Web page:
I wanted to ride the funicular at Vevey (between Montreux and Lausanne) to Mont Pelerin, so I rode the 0856 to Brig and the 1018 to Vevey at 1145. Then the 1210 local took 1 minute to bring me to Vevey-Funi Station right by the funicular line. This line is 1,578 metres long and climbs 417 metres. There is a great view of Vevey and Lake Geneva from the top.

At its base there is also a convenient connecting bus back to the main Vevey Station where I caught the 1300 local to Lausanne for lunch and then the 1357 non-stop IC to Geneva. After a visit there, I rode the fast 1629 to Bern and the 1826 to Interlaken for dinner.

Tuesday, October 3

I have been riding in the front seats on the MOB's Crystal Panoramic Express between Montreux and Zweisimmen for the past few years, but this year there were some major changes. It is now called the Golden Pass Panoramic, makes 10 stops instead of 2 and consists of a former CPE car at one end, one of the MOB's new and more powerful Ge 4/4's in the middle (similar to the RhB's Ge 4/4 III) and a former Golden Panoramic Express (originally Super Panoramic Express) car with front seats at the other end along with additional panoramic coaches. The Ge 4/4's are painted black with various designs.

I rode the 0956 from Spiez to Brig and the 1127 train to Montreux to take an official of the MOB out for lunch as he had been reserving front seats on the GPP for a few of my clients during the summer. He was also kind enough to waive the 15 Swiss Franc charge for me to ride the 1428 GPP in the front!

After the as always enjoyable ride to Zweisimmen, I saw that the station there was being enlarged with a new underground passage to the BLS platforms for trains to Spiez and Interlaken. I caught the 1620 train to Interlaken Ost and rode in the Salon Blue car with comfortable revolving armchairs!

At Spiez I watched a typical example of European railway operating efficiency! My train arrived at 1657 from Zweisimmen. A train arrived at 1700 from Interlaken and the German DB AG ICE all the way from Hamburg in northern Germany left on time at 1700 for Interlaken. Then my train left at 1702 from Track 5 also for Interlaken to cross all the throat tracks at the east end of the Spiez station just before the train from Brig would arrive at 1703! Wow! With all the freight trains delaying the VIA passenger trains on our Quebec City to Windsor Corridor, we can't even dream of achieving such operating precision!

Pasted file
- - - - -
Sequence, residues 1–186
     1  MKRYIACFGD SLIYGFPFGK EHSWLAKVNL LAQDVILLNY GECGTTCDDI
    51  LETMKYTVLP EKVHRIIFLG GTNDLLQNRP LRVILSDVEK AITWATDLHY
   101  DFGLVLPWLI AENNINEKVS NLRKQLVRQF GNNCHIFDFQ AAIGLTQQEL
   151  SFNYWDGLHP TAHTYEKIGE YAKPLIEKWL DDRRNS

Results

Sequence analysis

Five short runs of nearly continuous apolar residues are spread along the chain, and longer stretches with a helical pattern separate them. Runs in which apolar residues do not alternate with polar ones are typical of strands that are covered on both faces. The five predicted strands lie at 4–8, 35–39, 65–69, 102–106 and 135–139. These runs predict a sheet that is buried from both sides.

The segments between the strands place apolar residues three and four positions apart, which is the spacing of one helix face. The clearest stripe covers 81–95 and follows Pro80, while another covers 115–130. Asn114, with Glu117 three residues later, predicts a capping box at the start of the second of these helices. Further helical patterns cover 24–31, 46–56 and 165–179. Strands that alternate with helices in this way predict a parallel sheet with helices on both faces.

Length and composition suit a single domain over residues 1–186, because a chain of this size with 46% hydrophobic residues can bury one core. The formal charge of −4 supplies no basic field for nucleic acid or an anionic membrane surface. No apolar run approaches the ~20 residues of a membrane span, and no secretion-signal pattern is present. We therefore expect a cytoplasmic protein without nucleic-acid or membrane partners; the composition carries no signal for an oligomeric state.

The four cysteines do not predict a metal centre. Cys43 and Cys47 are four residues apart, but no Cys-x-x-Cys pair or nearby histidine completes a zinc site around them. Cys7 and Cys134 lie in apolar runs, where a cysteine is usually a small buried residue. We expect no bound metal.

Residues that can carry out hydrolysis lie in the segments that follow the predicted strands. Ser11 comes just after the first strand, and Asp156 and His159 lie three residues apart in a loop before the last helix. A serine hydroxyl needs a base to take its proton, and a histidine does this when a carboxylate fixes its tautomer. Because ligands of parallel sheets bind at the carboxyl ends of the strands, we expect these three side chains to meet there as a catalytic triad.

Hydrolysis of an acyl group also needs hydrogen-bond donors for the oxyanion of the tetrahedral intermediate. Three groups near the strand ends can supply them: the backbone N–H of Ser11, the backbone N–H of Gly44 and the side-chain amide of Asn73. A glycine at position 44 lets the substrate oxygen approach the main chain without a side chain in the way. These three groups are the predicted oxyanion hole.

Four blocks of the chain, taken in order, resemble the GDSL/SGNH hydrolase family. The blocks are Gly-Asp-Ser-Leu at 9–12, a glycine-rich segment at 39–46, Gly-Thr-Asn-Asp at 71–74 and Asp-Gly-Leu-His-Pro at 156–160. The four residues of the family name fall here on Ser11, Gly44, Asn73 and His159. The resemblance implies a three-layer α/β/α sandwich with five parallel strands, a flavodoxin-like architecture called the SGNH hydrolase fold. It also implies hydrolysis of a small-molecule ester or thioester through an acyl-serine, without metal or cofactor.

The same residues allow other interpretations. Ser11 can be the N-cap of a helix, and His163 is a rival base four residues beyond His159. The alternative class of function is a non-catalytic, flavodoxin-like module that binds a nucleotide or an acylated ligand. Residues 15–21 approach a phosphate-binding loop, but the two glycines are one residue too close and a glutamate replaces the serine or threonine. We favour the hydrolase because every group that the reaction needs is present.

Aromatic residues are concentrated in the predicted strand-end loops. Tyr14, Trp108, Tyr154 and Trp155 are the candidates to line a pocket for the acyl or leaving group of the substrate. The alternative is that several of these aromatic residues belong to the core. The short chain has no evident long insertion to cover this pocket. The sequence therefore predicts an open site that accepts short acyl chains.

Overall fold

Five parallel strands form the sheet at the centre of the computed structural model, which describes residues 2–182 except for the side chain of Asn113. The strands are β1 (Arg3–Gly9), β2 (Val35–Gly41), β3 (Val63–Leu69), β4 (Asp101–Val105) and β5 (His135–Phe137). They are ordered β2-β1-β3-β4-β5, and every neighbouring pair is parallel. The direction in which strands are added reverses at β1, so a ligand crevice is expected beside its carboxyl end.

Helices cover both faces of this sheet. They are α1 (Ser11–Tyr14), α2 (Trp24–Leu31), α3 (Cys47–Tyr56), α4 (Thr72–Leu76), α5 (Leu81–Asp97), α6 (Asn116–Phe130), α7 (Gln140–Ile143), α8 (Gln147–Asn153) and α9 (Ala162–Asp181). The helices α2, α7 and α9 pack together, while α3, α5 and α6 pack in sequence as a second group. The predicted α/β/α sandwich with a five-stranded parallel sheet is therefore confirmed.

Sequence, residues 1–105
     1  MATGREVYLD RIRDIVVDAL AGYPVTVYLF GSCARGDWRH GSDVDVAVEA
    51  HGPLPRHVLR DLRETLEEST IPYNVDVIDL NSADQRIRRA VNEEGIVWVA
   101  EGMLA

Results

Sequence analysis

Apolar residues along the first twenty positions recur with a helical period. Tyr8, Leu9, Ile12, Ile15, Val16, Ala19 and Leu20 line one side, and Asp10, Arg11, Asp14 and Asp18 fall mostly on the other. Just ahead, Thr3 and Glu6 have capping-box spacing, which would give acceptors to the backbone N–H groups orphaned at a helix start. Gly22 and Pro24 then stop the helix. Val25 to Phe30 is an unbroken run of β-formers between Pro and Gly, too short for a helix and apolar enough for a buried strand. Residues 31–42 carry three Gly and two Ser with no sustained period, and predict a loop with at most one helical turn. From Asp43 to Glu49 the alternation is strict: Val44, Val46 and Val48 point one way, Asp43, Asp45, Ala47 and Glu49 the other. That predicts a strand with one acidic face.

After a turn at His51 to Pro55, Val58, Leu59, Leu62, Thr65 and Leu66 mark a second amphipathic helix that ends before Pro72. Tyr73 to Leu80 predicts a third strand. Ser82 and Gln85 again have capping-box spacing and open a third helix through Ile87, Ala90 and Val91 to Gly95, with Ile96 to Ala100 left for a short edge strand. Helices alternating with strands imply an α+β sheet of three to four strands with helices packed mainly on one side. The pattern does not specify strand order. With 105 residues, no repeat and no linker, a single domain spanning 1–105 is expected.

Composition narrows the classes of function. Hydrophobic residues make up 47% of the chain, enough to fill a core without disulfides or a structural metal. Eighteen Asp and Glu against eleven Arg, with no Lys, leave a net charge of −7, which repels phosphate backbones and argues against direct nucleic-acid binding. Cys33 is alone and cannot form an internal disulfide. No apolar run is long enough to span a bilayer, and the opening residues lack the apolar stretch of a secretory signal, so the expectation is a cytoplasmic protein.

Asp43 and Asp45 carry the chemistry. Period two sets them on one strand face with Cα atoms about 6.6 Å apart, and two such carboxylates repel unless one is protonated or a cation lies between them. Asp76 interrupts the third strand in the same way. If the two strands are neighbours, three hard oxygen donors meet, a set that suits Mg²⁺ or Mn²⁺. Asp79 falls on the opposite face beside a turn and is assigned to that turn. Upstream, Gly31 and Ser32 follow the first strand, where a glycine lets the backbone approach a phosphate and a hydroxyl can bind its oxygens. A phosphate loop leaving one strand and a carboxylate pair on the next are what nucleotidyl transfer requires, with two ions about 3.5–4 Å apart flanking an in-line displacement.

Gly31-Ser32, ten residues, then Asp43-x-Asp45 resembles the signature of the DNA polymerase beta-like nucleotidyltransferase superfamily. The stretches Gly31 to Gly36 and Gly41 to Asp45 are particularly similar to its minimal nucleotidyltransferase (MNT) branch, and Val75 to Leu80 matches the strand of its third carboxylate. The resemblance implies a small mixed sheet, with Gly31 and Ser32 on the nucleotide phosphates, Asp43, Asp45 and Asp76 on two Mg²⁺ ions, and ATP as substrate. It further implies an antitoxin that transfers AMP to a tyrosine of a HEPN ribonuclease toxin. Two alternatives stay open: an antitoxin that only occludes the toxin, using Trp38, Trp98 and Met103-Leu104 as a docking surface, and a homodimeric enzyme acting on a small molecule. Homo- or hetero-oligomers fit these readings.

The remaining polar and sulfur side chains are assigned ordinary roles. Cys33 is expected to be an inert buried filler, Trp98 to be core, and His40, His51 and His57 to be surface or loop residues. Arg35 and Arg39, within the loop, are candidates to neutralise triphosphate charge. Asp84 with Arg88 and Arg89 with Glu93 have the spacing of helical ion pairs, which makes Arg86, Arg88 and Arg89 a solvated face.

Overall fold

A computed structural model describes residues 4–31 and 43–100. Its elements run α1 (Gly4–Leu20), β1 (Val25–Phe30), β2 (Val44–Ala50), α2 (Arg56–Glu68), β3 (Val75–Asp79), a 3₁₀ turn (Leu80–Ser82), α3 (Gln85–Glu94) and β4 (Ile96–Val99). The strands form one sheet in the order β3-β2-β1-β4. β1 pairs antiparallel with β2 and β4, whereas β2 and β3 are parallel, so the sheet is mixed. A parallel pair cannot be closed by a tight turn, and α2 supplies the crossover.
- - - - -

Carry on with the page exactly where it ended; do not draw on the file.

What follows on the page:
After dinner in Interlaken, I returned to Spiez.

Wednesday, October 4

During 1998-9, two major events took place in Paris-both of which cost staggering sums of money:

RER Line E opened with two huge underground stations-Haussmann-St. Lazare under the St. Lazare railway station and Magenta near the Nord and Est railway stations and connecting with RER Lines B and D. Beyond Magenta the line surfaces beside the main lines out of Gare de l'Est to connect with its various commuter lines. In the future, RER Line E will be extended at the other end to connect with the commuter lines out of Gare St. Lazare.

Metro Line 14, called Meteor, opened with 7 stations, all of which have glass walls with doors along all of the platforms. It is therefore impossible for anyone to fall, jump or be pushed onto the tracks! The trains run on rubber tires like several other Metro lines in Paris and are fully automatic with no drivers' cabs. Indeed, there are only full-width windows at both ends. Also, the trains are articulated with no doors between the cars so that one can look down the entire length of the train!